Dystopian novels serve a very important and specific purpose for society. They paint a picture of what could happen if things continue in a particular direction, and warn us away from it. In the case of The Big Smoke by Nathan Srith, the warning refers to what could happen when social media and charisma go too far, when ideals get mixed with ideology, and when power is within one’s grasp.
1. Thoughts on the plot
Generally speaking, having a dictatorial leader who rules by fear and force or by charisma alone is not an uncommon feature in political-based dystopian novels. This one is unique in that it features a female dictator and also the role of social media. This lends a few interesting points to the escape from her rule. And the fact that this novel focuses also on both the rise to power and the subsequent escape by our main character, Nick, allows for a greater range of events than the simple “escape” sequence, including discussion of the role of politics and social media.
2. Thoughts on the main character
Overall, I like Nick. He’s a guy with ideals and principles. He may have a firm belief on how the world should be, but he is also flexible enough to listen to other opinions (namely his sister) and adapt to the changing environment. He’s battling his demons and his role in the new world of the Independent State of England (what used to be London). This makes him a good character, a decent hero, and an interesting main character to follow. I do have one problem with him, though; he only fought back against his role after his sister was captured. Every other horrible thing that happened up to then he acknowledged as bad, but he only seemed to break away after his sister was captured. This makes it hard for me to like him for his strong principles, because he seemed able to ignore them prior to the start of the novel.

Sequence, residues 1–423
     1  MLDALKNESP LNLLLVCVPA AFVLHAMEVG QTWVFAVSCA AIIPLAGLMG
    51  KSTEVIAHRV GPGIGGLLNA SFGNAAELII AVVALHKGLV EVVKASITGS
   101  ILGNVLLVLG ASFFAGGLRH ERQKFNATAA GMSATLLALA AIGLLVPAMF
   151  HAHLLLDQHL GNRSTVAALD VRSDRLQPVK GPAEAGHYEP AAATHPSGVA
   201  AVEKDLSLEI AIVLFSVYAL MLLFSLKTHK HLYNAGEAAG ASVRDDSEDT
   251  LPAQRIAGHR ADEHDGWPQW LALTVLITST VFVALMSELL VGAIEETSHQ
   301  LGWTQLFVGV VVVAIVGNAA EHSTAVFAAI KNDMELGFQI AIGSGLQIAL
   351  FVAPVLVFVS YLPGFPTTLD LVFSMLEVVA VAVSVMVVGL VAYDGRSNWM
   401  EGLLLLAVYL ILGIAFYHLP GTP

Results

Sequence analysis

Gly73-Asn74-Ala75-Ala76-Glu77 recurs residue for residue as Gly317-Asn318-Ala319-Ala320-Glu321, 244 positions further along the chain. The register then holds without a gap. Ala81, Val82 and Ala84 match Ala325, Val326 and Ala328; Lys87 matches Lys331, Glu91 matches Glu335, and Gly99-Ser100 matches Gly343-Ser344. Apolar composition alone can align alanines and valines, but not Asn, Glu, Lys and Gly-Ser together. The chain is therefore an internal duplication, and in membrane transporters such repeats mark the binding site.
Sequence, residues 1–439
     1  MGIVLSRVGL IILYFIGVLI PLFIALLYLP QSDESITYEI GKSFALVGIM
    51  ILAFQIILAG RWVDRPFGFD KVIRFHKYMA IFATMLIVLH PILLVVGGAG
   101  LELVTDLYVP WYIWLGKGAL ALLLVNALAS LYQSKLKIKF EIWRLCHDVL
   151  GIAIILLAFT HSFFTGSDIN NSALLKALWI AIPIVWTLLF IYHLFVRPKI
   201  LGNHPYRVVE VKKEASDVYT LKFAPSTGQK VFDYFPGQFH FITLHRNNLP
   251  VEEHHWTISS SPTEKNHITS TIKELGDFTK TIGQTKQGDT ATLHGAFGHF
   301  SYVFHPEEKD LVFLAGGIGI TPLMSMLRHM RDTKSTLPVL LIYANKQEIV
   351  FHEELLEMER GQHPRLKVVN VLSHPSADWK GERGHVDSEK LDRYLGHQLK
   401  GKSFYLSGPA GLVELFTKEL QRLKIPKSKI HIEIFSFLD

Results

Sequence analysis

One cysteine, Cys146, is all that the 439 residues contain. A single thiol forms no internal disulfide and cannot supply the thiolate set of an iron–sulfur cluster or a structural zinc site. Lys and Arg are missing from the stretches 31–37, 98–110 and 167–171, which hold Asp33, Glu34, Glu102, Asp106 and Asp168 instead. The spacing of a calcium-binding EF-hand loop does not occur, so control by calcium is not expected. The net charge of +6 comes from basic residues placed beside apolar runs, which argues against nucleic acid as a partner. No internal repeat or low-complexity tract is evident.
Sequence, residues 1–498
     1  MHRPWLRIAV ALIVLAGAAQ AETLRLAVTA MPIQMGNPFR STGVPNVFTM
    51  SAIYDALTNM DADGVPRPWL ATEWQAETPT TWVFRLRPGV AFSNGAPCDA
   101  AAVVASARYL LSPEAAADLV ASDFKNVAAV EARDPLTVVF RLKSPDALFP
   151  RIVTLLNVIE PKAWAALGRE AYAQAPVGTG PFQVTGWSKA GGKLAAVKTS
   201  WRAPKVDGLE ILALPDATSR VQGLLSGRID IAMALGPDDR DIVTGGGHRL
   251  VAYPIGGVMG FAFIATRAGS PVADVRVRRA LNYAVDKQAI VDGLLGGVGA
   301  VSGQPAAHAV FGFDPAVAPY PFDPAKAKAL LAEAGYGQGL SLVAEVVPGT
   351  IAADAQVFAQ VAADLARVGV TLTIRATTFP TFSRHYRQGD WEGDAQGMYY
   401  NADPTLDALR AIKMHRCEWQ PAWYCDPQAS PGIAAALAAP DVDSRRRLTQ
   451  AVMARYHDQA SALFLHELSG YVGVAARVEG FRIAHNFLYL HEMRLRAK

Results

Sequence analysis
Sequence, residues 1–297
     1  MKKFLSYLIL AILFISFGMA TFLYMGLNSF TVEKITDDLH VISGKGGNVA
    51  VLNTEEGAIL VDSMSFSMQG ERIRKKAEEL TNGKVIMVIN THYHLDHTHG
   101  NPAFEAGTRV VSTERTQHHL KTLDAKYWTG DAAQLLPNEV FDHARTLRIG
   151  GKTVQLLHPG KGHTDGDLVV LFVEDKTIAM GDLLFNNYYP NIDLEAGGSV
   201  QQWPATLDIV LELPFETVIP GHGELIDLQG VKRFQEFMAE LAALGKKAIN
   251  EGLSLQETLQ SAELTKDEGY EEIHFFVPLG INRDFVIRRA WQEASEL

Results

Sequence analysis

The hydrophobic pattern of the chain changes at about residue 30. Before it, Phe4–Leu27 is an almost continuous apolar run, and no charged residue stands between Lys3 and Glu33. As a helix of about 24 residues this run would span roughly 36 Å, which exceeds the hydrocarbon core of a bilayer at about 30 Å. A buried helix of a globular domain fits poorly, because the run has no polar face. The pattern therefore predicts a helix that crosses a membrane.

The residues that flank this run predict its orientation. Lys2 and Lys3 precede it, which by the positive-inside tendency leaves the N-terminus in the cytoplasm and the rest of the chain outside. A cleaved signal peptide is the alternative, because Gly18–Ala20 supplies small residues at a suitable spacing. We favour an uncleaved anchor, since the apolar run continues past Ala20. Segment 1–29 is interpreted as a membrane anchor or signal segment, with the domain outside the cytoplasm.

3. Favourite part
The ability to find food in a completely looted city.
My main critique for this book is plausibility. Dystopian novels are usually a bit implausible, simply because they take problems and move them into the extreme. However, there has to be a certain amount of believability, or the whole point of dystopian novels being used to warn society becomes moot. In this case, the ability of The Boss to take over the British government and then subsequently wall off London, support a rebellion and continue her rule is highly implausible for a couple of reasons. One: the dissolution of government. The British government system can be dissolved by means of what is essentially a vote of no confidence by the PM or the other parties. Or, the monarchy can call of the same thing, depending on the circumstances. Barring that, an election must be held every five years. So the Boss remaining in power after such horrid events seems highly improbable. Two: the walling off of London into an independent state. As London is the capital of England, and a cultural and economical mecca, it would not be allowed to fall into the hands of a rebel people or party. The military would step in. And, even if they did manage to keep the military out initially, there is no way that the rest of the world (which is supposedly continuing on as normal) would allow a dictatorial state to appear in the midst of one of the larger powers of the Western world.
Everything else with the book is perfectly acceptable, as long as you can suspend disbelief of the initial premise. Unfortunately for me, that premise is difficult to ignore.
Overall, I would say that this book has all the proper hallmarks of a dystopian novel. The politics, the warning, the world falling to pieces, even our hero’s disillusionment. As long as the problems with the process of how this world came to be can be overlooked, then this novel is perfectly fine. For me, though, this reads too much like a Snake Pliskin movie. I would say that it is FAIR to GOOD.